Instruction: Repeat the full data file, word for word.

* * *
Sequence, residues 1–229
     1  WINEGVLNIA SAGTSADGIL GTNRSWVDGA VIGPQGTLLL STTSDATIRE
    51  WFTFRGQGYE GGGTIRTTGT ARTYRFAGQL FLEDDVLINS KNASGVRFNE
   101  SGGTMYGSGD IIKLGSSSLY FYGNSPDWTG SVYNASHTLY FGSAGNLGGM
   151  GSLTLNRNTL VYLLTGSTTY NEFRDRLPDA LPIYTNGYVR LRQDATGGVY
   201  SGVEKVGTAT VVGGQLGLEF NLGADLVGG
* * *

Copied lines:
Sequence, residues 1–229
     1  WINEGVLNIA SAGTSADGIL GTNRSWVDGA VIGPQGTLLL STTSDATIRE
    51  WFTFRGQGYE GGGTIRTTGT ARTYRFAGQL FLEDDVLINS KNASGVRFNE
   101  SGGTMYGSGD IIKLGSSSLY FYGNSPDWTG SVYNASHTLY FGSAGNLGGM
   151  GSLTLNRNTL VYLLTGSTTY NEFRDRLPDA LPIYTNGYVR LRQDATGGVY
   201  SGVEKVGTAT VVGGQLGLEF NLGADLVGG